I miss blogging.
I do not miss blogging about baseball every day.
My reasons for going into semi-retirement remain: I don’t get to go to enough Atlantic League games or minor league games to have my focus there, and I’m not going to try to find a voice among the dozens of Mets-related sites that are out there.
My solution was to start a new blog, I have too many hobbies…, which allows me to write about other things in addition to baseball.
Today I wrote about my first 2017 regular season Topps Now baseball card. Other recent posts focused on Star Wars Funko Pops and photos from my garden.
I hope that some of the folks who are still reading Paul’s Random Baseball Stuff will follow me over to my new site.
This site will remain online through the end of the 2017 baseball season, but will be shut down this fall. The majority of its content will move to the new site.
Last night, former teammates Jacob deGrom and Bartolo Colon matched up at Citi Field to the delight of me and 28,112 other fans at the park and to the larger baseball world watching on TV.
DeGrom was brilliant, hitting 98 mph on the radar gun and holding the Braves scoreless for six innings while allowing two hits and striking out six.
But somehow Colon managed to outshine the Mets’ star. Fans came out to see Colon, giving him a standing ovation during his first at-bat. The Mets realized the significance of the moment and produced a video tribute to Colon they showed before the start of the game.
Mets’ hitters were just as baffled by Colon as most of the National League was during his three-year tenure in New York. Jay Bruce hit a solo home run in the fifth inning. Yoenis Cespedes managed a single. That was it. The pitcher’s duel was delivered as advertised.
Except this is 2017, and starting pitchers are done after six innings. Terry Collins pulled deGrom after 95 pitches. Brian Snitker lifted Colon for a pinch hitter after just 80 pitches.
The Mets start the season with significantly better odds of winning the World Series than the Atlanta Braves, but after the first two games of the season it looks like they share a common weakness – their bullpens. Hansel Robles‘ seventh inning meltdown last night wasn’t as spectacular as Eric O’Flaherty‘s on Opening Day, but it was enough to allow the Braves to tie the game before Jerry Blevins came in to bail him out.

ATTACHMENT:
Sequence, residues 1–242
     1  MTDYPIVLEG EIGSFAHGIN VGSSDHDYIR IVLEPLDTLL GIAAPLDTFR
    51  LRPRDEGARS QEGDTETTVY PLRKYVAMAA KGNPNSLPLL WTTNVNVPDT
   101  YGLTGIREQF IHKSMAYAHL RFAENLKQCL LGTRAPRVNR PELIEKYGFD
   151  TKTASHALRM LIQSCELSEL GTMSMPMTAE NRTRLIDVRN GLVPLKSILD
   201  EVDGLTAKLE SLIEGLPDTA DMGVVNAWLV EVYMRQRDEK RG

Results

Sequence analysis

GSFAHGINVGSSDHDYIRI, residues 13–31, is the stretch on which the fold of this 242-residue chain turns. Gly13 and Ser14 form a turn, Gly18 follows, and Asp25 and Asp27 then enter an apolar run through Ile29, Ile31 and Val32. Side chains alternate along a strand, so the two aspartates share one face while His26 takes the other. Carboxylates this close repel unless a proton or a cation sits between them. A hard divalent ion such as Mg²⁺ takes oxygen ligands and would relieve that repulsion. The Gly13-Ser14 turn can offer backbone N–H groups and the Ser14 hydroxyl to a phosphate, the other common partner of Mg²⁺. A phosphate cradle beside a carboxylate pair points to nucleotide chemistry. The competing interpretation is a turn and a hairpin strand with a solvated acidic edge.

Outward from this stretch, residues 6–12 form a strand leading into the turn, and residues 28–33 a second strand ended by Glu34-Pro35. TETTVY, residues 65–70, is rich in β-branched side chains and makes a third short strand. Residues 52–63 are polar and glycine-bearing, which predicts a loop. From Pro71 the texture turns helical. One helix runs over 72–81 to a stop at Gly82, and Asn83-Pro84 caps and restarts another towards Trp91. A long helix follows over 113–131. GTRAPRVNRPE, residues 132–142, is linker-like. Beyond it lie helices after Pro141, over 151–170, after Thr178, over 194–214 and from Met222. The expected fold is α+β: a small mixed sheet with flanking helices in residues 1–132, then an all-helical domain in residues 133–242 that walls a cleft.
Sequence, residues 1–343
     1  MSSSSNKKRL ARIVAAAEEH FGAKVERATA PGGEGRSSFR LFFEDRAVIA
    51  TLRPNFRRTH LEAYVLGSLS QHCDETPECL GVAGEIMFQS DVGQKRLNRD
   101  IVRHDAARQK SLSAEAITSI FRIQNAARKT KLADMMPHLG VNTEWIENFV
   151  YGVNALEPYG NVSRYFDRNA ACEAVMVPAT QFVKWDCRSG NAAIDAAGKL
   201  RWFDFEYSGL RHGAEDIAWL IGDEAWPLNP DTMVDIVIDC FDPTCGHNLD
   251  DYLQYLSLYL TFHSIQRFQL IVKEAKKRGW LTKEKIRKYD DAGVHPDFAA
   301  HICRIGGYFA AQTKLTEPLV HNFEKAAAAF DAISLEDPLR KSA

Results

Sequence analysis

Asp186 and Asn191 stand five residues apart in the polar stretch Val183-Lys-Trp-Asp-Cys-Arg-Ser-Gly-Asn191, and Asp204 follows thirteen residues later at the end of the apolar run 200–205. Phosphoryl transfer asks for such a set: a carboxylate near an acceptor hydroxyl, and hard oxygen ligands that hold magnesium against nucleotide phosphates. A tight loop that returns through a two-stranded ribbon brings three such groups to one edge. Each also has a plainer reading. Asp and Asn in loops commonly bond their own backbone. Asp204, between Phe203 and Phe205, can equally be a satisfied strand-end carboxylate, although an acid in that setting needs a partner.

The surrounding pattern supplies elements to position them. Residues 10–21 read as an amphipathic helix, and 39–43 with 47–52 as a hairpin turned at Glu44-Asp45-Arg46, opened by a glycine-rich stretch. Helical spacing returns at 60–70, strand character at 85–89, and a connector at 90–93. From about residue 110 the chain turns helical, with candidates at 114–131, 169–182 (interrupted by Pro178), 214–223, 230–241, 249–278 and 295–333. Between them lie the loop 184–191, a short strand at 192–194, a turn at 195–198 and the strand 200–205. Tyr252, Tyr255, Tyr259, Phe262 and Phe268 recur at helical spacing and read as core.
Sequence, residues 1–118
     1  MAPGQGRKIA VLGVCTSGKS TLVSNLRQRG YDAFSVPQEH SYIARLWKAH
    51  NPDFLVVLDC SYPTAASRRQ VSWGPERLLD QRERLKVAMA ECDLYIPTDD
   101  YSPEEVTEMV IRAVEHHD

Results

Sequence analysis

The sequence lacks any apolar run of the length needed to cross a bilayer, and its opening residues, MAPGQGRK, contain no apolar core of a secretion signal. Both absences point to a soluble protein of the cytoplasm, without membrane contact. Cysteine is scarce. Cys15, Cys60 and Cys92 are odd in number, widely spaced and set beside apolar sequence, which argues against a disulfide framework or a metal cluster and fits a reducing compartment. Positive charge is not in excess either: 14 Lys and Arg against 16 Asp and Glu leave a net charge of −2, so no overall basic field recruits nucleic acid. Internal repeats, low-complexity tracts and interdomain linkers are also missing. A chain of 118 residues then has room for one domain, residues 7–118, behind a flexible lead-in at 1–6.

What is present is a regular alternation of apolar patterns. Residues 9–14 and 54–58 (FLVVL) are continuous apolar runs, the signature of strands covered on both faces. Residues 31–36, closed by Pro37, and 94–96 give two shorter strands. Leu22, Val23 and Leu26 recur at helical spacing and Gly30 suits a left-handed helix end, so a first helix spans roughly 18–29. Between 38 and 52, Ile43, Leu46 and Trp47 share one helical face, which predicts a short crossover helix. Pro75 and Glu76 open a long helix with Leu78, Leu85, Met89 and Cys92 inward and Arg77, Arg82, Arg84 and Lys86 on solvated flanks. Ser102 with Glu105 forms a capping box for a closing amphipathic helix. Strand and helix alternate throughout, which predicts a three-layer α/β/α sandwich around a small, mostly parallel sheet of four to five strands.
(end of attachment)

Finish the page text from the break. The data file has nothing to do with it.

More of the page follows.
The two teams continued to match zeroes as the temperature dropped and the crowd diminished, until Rafael Montero gave up a leadoff single to Braves catcher Kurt Suzuki in the top of the twelfth. After striking out Jace Peterson, Montero walked Ender Inciarte. When Dansby Swanson grounded out weakly to first base, I started to hope Montero could escape from the jam. But he couldn’t get Matt Kemp out to end the inning – his two-run double provided the Braves with their margin of victory.
It’s worth keeping in mind that Montero is the next man up if anything happens to one of the Mets’ starting five.
A few weeks ago, we were all talking about the Mets’ starting pitching depth and debating who should get the last spot in the rotation. Now Sandy Alderson is beginning to “sniff around” for starting pitching depth and Seth Lugo is trying to remain optimistic about avoiding Tommy John surgery for his partially torn ulnar collateral ligament.